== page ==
At the time of hearing the news that your child had a disability. Did you have an understanding of the lifelong commitment that was in front of you?

Not at all. J. progressed normally until she was very ill at the age of 4. We were very worried whether she would survive and get better, but it never occurred to us then that she might have a need for a disability service. I don’t think anyone thinks about the long-term at a time like that. We just dealt with the news as we received it. It took a long time to come to terms with the disability, once we became aware of the fact. And then it took much longer to find an appropriate service. She started in normal school.

It became evident that C had a developmental delay from the time he was about a year old—but there wasn’t a specific diagnosis. I suppose we had a couple years to come to terms with the idea. In fact, I approached Namhi (as it then was) for information—if I remember correctly, at that time you needed to be recommended by someone in order to become an individual member! I think the health clinic liaised with an ID service in our area, and a social worker called to us to introduce their services when C was three. So our understanding of the extent of C’s disability came gradually, and we did receive support from the ID service, once he attended, about a year later.

In trying to achieve a ‘normal life’, what were the biggest challenges?

Life was ‘normal’ for a while when J. began school, but we soon realised that she wasn’t coping in the national school, and a psychologist said we should find a special school. A special class was all that was offered in the first instance, and that was a very trying time; it didn’t really work out. There was a long waiting list for a special school in our area, so she only got in there when she was 8. And then she was able to blossom, thankfully. During the time J was in school, we lived as normally as we could, as much as possible.

C. also spent an unhappy and unsuccessful year in a special class in a national school. But from 6-16 he was in a special school. Although probably not ‘stretched’ as much as he could have been, he was happy there and the experience was very largely positive. Perhaps because C is the youngest of our children, our family life was not affected hugely, although there were some psychological and behavioural issues, and we spent several years. Fortunately, C had no major health issues, although he needed private speech therapy for some years.

Sisters and brothers often identify the demands that their disabled brother or sister has made on them, but have there been some positive contributions?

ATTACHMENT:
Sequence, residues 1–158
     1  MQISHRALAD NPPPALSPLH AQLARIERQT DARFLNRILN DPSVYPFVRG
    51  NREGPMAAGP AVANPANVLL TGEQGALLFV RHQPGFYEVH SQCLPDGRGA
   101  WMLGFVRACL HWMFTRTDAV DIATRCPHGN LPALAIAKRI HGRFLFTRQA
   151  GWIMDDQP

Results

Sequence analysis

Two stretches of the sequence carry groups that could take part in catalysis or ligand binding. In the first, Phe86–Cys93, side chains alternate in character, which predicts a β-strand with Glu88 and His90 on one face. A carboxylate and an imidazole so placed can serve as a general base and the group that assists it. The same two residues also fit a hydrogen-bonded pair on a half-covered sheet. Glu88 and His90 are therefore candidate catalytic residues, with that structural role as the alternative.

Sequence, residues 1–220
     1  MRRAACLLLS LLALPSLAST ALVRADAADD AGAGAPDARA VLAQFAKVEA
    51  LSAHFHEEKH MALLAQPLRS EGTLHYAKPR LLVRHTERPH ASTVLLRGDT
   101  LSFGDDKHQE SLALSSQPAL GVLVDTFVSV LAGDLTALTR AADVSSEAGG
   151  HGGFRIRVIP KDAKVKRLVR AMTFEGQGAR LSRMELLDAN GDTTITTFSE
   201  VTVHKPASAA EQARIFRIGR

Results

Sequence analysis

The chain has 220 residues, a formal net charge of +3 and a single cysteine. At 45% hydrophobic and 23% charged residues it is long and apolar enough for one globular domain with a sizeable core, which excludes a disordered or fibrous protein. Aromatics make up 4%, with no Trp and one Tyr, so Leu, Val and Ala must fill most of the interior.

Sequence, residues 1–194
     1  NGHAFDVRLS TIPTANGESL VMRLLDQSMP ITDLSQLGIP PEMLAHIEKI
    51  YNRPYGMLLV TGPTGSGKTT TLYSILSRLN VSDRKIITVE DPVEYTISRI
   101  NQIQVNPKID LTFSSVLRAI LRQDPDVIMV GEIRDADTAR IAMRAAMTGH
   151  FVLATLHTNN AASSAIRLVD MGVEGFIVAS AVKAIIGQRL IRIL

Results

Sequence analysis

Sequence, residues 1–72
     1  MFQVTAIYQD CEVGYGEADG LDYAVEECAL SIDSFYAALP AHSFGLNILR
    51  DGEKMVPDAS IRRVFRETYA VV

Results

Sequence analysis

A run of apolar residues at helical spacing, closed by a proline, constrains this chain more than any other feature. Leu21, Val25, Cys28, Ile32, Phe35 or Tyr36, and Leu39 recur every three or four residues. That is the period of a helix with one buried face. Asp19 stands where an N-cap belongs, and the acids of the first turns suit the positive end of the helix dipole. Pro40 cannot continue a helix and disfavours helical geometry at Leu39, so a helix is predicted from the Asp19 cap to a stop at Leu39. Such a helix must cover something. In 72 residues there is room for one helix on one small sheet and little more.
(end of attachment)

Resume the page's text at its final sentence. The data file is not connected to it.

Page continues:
J has just one sibling, and she is very conscious of her role, and sometimes worried for the future, when it will be down to her to look after her sister. In some ways she had put her life on hold, despite proceeding in her own career. The positive contribution is that they are great friends—they go everywhere together, when time permits. When they were younger there may have been a bit of understandable jealousy because of the extra attention J received from us.

I think overall C’s siblings reacted very well to the fact of C’s disability—perhaps it was helpful that they were already involved with their own friends and pastimes. I think maybe they did, maybe unconsciously, know we had enough on our plate and tried not to bother us with some of their concerns. They both acknowledge that they developed valuable insights by living with someone with a disability, and that may also have been a factor in one of them choosing a caring profession.

Over the years what has influenced your approach to the help from ‘professionals’ associated with service providers?

We had to fight for a place in a special school for J, via a local politician. That was good, then, but the same problem arose after school—when again no appropriate service was available for some time. After a battle she got three years’ ESF funding in a service, but when that finished, we learned we were not in the correct catchment area, and J. sat at home for a year. Eventually we found a day service that, thankfully, has continued to work out quite well for her, although there are always financial constraints, and there is often no well-designed programme for people with mild disabilities. On the whole, the people who have dealt with her have been fine, even when there are lacks in the service design.

I’ve enjoyed quite a good relationship with the organisations who have provided services for C. Of course not every professional is proficient and 100% dedicated, but very few of them have failed him. I quite naturally got involved in parent organisations along the way, which may have made it a bit easier to talk with service staff. Because I’m aware of the financial limitations of the services, and the greater needs of many other service users within the organisation, perhaps I haven’t been as strong a personal advocate for C as I might have been. We only sought major changes in his services on two occasions, I think.